From the Prado Museum to the Pompidou Center, passing through the Met in New York, 42 exhibitions around the world will commemorate the 50th anniversary of the death of the Spanish artist Pablo Picasso, which will take place on April 8, 2023, a “mobilization without precedents” for the “most famous artist of modern art”, according to Madrid and Paris.
Prepared jointly by France and Spain for 18 months, the “Picasso Year” will mobilize “38 highly relevant institutions in Europe and the United States,” the Spanish Minister of Culture, Miquel Iceta, told the press on Monday at the event. presentation held at the Reina Sofía Museum in Madrid.
These exhibitions will allow “all the facets” of the Spanish artist to be shown, born in Malaga (southern Spain) in 1881 and who died in Mougins (southeastern France) in 1973, accompanied in parallel by a series of “colloquia” and “debates” about the painter and his work, added his French counterpart, Rima Abdul Malak.
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The celebrations will start on September 23 at the Fundación Mapfre, in Madrid, with the exhibition “Pablo Picasso and the dematerialization of sculpture” and will last until April 2024, when the retrospective “The Paris of the Moderns (1905-1925)” ends. )” which will be exhibited at the Petit Palais in the French capital.
The events in tribute to the Spanish painter – whom the French minister described as “the most famous and emblematic artist of modern art” – will take place mainly in Spain, France and the United States, although there will also be activities in Germany, Switzerland, Romania or Belgium . Participating institutions include the Metropolitan Museum of Art in New York (“Met”), the Prado Museum in Madrid, the Guggenheim in Bilbao, the Pompidou Center in Paris and the Picasso museums in Barcelona and Paris.
The exhibitions will serve to highlight “the immense legacy left behind” by Picasso, whose work “continues to be an absolute reference for artists from all over the world,” said the president of the Spanish government, Pedro Sánchez, at a ceremony at the Reina Sofía Museum on the night of Monday.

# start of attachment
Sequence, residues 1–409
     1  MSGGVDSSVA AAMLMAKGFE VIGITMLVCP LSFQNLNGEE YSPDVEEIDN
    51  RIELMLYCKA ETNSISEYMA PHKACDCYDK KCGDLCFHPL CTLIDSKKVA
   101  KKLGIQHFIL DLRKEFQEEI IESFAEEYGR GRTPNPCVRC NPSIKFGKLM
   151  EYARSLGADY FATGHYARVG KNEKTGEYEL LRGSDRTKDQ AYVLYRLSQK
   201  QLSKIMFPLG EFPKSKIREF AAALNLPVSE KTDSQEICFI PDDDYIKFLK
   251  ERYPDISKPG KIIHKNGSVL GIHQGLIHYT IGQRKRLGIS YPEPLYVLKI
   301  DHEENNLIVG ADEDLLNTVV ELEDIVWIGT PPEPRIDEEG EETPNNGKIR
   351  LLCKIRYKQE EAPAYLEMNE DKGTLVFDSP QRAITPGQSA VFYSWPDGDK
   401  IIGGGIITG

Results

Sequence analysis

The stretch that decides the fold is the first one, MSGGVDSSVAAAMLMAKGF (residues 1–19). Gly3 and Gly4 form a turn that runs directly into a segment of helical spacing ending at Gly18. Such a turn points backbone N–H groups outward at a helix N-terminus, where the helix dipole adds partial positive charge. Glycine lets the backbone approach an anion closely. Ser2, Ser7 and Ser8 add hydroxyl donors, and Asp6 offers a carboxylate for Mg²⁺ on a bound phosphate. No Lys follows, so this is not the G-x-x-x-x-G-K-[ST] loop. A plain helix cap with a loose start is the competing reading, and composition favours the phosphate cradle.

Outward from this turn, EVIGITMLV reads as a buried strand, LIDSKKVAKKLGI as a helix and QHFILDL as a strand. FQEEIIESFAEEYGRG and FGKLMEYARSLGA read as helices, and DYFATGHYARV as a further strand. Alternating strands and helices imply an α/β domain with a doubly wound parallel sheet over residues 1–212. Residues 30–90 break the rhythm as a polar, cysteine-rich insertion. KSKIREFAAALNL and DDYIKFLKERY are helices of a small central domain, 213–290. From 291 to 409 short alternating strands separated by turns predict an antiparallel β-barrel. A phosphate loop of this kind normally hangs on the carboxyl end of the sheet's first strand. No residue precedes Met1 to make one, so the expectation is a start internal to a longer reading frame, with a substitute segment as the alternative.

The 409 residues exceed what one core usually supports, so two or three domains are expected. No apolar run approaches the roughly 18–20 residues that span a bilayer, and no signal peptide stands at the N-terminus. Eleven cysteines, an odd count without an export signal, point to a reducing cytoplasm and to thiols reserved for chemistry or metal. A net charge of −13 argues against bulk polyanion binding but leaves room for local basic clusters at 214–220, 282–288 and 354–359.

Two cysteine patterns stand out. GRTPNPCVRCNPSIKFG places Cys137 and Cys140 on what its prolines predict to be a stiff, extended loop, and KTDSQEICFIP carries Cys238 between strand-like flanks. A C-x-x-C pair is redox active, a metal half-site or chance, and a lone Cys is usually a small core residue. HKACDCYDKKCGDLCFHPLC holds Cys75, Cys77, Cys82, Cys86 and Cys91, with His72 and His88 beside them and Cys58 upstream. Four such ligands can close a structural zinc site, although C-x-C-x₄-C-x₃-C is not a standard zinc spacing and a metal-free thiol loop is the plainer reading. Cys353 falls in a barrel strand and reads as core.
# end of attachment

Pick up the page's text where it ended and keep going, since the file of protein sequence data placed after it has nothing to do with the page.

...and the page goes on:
A message that Minister Iceta had already evoked, when he spoke of “the validity” of Picasso’s work, in front of the Guernica painting, one of the most famous in the world, the work of the painter from Malaga in 1937. This painting that immortalized the massacre which occurred in the city of Guernica -bombed in April 1937 by Nazi aviation in support of General Franco during the Spanish Civil War (1936-1939)-, is “a manifesto for peace”, Rima Abdul Malak assessed.
The work “acquires a special connotation”, at a time when “the war is raging at the gates of Europe and we are together with the Ukrainian people”, insisted the French minister, referring to the Russian invasion of Ukraine. Beyond the political and historical references, the retrospectives organized within the “Picasso year” will be the opportunity, according to the organizers, to equally address the “excesses” and “contradictions” of the artist.
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The figure of Picasso, long extolled thanks to his artistic genius, has been tarnished for some years by accusations of misogyny and violence against his partners, brought to light after the rise of the MeToo movement. The author of “The Avignon Ladies” or “The Weeping Woman”, who spent much of his life in France, was accused by the journalist Sophie Chauveau in her work “Picasso, the Minotaur” of being a “jealous” man. , “wicked” and “destructive”.
“It is important that the public knows Picasso better and also knows the part of violence that was in him. It is something that should not be hidden,” Rima Abdul Malak acknowledged on Monday, who deemed it necessary, however, “not to reduce all of Picasso’s work” to that theme. The Spanish painter and sculptor’s relationship with women will be addressed in an exhibition planned at the Brooklyn Museum in New York for the summer of 2023.